weberand egov

weberian principles
of 31
All materials on our website are shared by users. If you have any questions about copyright issues, please report us to resolve them. We are always happy to assist you.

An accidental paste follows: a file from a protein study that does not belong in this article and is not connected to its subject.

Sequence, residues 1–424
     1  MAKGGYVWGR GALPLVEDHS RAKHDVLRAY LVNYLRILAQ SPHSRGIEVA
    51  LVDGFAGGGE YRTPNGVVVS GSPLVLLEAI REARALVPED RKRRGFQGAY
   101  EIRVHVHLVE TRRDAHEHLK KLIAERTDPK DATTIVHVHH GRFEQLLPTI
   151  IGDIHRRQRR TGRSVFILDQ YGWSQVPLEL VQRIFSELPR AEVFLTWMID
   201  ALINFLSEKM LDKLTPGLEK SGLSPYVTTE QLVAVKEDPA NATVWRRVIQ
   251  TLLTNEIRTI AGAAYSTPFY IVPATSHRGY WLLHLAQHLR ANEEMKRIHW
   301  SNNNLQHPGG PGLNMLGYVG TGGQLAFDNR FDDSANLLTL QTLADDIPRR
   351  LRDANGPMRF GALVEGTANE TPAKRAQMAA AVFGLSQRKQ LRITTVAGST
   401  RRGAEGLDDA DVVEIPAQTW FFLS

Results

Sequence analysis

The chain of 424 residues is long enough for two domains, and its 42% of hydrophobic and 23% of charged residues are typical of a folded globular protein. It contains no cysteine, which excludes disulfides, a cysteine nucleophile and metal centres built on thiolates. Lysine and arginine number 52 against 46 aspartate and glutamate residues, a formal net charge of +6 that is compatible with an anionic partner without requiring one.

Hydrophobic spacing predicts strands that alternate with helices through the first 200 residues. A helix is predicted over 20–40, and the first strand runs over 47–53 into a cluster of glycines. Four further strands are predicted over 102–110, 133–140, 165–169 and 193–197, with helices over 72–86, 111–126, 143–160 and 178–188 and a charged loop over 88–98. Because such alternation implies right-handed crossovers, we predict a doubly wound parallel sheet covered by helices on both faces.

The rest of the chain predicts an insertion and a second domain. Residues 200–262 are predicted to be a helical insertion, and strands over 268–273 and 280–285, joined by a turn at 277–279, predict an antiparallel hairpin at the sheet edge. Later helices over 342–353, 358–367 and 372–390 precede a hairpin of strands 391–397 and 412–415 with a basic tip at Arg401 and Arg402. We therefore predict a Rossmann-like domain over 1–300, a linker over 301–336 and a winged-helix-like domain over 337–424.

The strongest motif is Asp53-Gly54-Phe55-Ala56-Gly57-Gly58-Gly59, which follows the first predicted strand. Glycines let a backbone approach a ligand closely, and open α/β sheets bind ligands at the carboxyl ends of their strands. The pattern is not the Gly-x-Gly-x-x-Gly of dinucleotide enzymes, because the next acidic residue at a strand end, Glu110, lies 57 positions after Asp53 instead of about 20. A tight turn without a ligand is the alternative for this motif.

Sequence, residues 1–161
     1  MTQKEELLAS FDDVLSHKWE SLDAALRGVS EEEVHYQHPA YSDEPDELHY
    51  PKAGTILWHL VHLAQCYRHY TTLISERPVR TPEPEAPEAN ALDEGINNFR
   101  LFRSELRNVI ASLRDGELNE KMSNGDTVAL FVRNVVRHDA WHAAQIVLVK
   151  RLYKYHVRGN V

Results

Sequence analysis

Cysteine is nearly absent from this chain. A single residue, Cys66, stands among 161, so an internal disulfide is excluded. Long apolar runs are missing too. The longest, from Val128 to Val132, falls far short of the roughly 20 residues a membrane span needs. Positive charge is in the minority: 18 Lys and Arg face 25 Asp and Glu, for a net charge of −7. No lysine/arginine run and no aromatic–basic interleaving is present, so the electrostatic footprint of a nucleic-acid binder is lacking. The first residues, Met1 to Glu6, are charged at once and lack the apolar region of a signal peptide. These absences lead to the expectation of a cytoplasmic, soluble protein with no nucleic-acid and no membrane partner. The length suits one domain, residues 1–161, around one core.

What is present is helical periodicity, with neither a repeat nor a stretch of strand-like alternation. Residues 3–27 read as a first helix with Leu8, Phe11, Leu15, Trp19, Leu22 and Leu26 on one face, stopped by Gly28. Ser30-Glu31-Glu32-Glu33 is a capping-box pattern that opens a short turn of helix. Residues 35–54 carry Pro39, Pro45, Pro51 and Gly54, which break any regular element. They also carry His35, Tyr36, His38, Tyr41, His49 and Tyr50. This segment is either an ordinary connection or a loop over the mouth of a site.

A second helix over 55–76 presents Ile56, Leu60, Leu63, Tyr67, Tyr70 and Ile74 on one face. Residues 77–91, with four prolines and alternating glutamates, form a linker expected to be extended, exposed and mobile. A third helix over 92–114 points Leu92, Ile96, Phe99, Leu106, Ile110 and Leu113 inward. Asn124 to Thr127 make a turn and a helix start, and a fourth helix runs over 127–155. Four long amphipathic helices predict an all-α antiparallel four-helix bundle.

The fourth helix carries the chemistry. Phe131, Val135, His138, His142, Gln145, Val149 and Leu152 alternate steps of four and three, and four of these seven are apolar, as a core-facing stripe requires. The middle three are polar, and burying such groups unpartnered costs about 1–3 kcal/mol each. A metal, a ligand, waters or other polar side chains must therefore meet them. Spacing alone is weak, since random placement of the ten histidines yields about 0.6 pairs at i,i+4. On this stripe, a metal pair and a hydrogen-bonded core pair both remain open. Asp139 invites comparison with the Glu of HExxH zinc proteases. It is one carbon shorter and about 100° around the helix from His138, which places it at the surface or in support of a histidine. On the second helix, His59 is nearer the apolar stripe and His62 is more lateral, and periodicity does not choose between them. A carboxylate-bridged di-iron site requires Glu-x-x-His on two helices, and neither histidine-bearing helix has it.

Related Documents